Liverpool Chamber has launched an innovative new project to help businesses improve their connections with local schools and their students.
The ground-breaking School Business Network aims to enhance the skills and employability of students in the Liverpool City Region by bringing educators and employers closer together in a central hub.
It has been developed in partnership with Liverpool City Council following Liverpool Chamber research which revealed that businesses experience obstacles to meaningfully engage with schools in a sustainable and meaningful way despite a strong desire to increase access to workplace experience, raising the aspirations of students and highlighting detailed career pathways.
The network is designed to underpin ‘Priority 5’ of the city’s Education Improvement Plan, which is geared towards ensuring employability and employer engagement are embedded within the learning experiences of all students.
Mentoring, careers advice and in-work training will now be among the many activities promoted and undertaken within the new network, which was launched at an event attended by more than 80 business owners, headteachers and students.
Speakers at the event included students from Cardinal Heenan High School, who each issued a passionate plea to businesses and educators to prioritise the availability of work experience and employer interaction to maximise their chances of progressing into a future career.
Additional speakers included Jen Sing, Headteacher at Academy of St Nicholas, Grace Ward from Young Person’s Advisory Service, Gill Walsh from Liverpool City Region Careers Hub, and Dr Katie Spall of Liverpool City Council.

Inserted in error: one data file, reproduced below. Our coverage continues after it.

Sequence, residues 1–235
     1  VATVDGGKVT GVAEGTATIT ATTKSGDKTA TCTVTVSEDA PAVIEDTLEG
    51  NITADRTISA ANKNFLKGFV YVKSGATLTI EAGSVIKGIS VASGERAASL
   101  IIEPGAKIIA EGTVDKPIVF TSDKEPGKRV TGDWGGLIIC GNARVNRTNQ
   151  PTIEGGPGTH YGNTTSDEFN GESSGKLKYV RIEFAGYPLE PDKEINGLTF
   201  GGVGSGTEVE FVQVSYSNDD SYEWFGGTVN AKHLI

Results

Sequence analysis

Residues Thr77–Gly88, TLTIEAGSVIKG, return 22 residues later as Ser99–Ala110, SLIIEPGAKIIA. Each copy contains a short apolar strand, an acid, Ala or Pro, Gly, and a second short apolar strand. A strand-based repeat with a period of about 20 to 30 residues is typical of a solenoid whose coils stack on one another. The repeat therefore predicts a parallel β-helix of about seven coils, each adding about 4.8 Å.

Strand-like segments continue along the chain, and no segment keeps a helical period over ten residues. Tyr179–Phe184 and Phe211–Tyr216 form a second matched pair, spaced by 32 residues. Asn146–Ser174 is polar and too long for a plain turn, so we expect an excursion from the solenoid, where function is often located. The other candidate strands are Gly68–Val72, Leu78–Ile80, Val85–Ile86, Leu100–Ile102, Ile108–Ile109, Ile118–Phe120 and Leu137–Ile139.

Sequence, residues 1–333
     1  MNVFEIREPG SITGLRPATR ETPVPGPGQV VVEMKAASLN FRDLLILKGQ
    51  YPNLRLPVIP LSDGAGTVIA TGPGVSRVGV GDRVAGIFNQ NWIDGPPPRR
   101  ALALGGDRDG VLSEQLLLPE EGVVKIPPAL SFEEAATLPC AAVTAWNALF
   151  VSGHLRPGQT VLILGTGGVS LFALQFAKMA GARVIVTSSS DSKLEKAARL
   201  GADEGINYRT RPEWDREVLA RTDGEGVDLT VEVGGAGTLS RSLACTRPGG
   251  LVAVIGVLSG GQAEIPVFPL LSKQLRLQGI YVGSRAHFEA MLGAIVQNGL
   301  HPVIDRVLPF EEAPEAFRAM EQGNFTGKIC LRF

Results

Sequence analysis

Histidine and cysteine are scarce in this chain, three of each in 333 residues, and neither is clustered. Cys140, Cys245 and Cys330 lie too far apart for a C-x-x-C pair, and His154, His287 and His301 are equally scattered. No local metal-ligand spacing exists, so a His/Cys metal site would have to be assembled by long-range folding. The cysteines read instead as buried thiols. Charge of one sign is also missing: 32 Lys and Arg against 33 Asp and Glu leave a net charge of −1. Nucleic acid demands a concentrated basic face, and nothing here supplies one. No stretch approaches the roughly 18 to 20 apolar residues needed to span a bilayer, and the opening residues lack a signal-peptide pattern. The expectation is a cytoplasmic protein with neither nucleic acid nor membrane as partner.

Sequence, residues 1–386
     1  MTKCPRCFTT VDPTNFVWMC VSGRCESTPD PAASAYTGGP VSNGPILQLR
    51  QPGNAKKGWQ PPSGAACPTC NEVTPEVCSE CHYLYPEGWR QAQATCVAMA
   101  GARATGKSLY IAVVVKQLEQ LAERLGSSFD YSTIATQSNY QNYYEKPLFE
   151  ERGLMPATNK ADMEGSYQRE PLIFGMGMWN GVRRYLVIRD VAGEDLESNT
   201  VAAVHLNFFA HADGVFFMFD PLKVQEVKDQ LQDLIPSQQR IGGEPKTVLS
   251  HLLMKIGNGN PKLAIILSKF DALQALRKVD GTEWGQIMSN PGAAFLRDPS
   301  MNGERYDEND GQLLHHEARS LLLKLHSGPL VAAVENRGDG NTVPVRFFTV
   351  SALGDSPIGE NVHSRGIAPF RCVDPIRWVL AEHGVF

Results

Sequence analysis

The launch event was hosted by Paul Cherpeau, chief executive of Liverpool Chamber, and held in The Old Hall events space at Bruntwood Works’ Cotton Exchange.
Paul Cherpeau said:
“Businesses regularly talk to us about the challenges they face in recruiting students with the right levels of skills and experience. There is a clear willingness and desire to work collaboratively with education providers to identify those skills gaps and help students to find clear pathways into work.”
“Our research showed that finding the right point of contact was a common hurdle both for employers and educators and the School Business Network aims to surmount that by providing a mutual forum where they can each share their own perspectives and create opportunities to improve the career prospects of local students.”
“We have a wide range of organisations who are already actively involved and we would invite other employers and education providers to get in touch with us and explore the benefits of joining the School Business Network.”
Dr Katie Spall, senior project lead, Liverpool City Council, said:
“The fantastic turnout at the first School Business Network event demonstrated the desire by both schools and employers to collaborate around the skills gap agenda. It is important that we now build on this momentum.
“The Pathways to Employment project that Liverpool City Council is running will help employers gain access to schools, provide a structure to work with young people to provide experience of the workplace, develop the right employability skills and ultimately help students to take their next steps into employment or training.”
For further information about the Liverpool Chamber School Business Network, please contact email@example.com